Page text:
That’s what I’ve been proposing to Jess is, hopefully I can get my sleep and I’ll try to do the work in the afternoons for you.
[Laughs] Your job is a little different than others. You’re a professional athlete so I think that’s okay. A couple other random questions from fans. Some people are wondering when you go to the gate, what is your general mindset? Are you a guy that’s trying to relax yourself as much as possible? Are you trying to go to the line angry and fired up? What’s your strategy when you to the line right before a race?
That has changed for me. I would say in the 250 days I was way more spun up on the line, with a mix of nerves and anxiety and just more high tension. Even the first couple years of 450 that way too. I would say this year even I’ve changed that. I feel a lot more just level-headed on the starting line. I think it’s maybe because I’ve just had so many starts now and I’ve raced with these guys so long that that changes in your mind. I still want to go out there and get it done, and get the wins. But I feel like the stress and the anxiety of not knowing what to expect has calmed down.
I remember you kind of feeding off that. In 250 days, I remember you saying, “I drank a cup of coffee. I got on the spin bike.” Between practice and the night show in supercross, it was like you wanted to get yourself fired up, it sounded like back then.
Oh yeah. I still do all that, but there’s still the mental part of the racing in your head of just really being more relaxed while you’re on the line.
The guy you’re battling right now, at least for the supercross title, is Ken Roczen. You guys have battled for a long time. It is crazy. You guys battled… He even showed up for a few amateur races here, I think? It kind of goes back more than people would think for a guy that wasn’t even from the United States.
I know. We look back and I remember Kenny at Mini Os, when we were in 12-13 85 and superminis. You’re racing these guys all the way back to amateurs. When you look back at it, it’s really cool when you look back and you see you’re racing the same guys.
I don’t remember any specific issues between you guys, even now. I talked to Kenny last week and he said there’s no bad blood. We just race.
That’s the way it is. I think we both have similar mindsets on the motorcycle. We’re really in control. Our styles might look different, but I think we kind of just race similar that way. I feel like we trust each other, we trust our lines. You’re not really thinking twice about where either of us are going to go. I think that’s where that mutual respect comes from.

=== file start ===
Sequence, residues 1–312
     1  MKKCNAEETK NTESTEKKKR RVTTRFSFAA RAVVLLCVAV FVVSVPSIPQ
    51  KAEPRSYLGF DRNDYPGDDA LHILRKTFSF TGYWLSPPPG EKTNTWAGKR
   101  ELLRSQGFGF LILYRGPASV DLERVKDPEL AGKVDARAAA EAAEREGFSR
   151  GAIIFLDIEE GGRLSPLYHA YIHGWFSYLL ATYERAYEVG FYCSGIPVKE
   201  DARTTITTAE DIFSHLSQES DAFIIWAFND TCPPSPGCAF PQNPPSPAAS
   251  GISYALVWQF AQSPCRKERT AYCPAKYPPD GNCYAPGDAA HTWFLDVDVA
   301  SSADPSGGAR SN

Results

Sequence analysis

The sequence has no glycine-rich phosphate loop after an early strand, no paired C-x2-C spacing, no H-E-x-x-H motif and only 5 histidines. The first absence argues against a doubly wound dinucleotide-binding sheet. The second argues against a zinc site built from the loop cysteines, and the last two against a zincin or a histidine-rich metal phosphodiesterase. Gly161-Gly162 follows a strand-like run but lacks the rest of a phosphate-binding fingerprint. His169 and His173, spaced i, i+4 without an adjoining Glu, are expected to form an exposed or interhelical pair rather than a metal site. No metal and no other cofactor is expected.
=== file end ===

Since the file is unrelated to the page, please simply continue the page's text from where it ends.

[Laughs] Hmmm. Anybody else you’ve been racing a long time who’s maybe a little different on the track?
There’s always the one guy that’s in the way [Justin Barcia]. You race them so long, you kind of know what to expect from them. I will say the 250 class is way different than the 450 class. The 250 class is just absolute chaos and you can’t trust anyone.
But Kenny, that’s about as close as you probably get. You can trust him there.
Yeah. There’s certain guys that you would leave the door open for, and certain guys you don’t. Obviously it’s coming down to the last race, we’re obviously going to take the line from each other, but it’s not like they’re going to go out of their way to clean you out for no reason.
Did you ever think, by the way, that passing him late in Daytona—and you only won by like .7 seconds—did you ever think, it’s good to get the points lead? That could potentially be the championship right there. It’s the craziest thing to think of it that way!
Crazy scenario that way. I wouldn’t want to take it that way at all. We put ourselves in that situation and that’s the way it is right now.
I know supercross is definitely that check mark that you want so badly. As far as motocross is concerned, you’ve won that title three years in a row. Is the plan to go into round one full bore, and just worry about supercross when you get back there?
At this point, I don’t know what’s going to happen. No one does. I’m not going to hold anything back. I’ll tell you that, for sure. I’m not thinking about the supercross when we line up at WW Ranch [Motocross Park].
Thanks for the time. Normally I would really feel bad for taking your time, but maybe you need someone to talk to. Maybe you’re just bored right now.
There’s always something to do. I think everyone wants everything just to get back to normal. You don’t realize how good you have it until it’s not normal.
A hundred percent. We will never be happier than when we’re just finally back at a race. That’s all we want, is to just be back at the races.
It’s like, who cares about complaining weekend to weekend? Let’s just go race.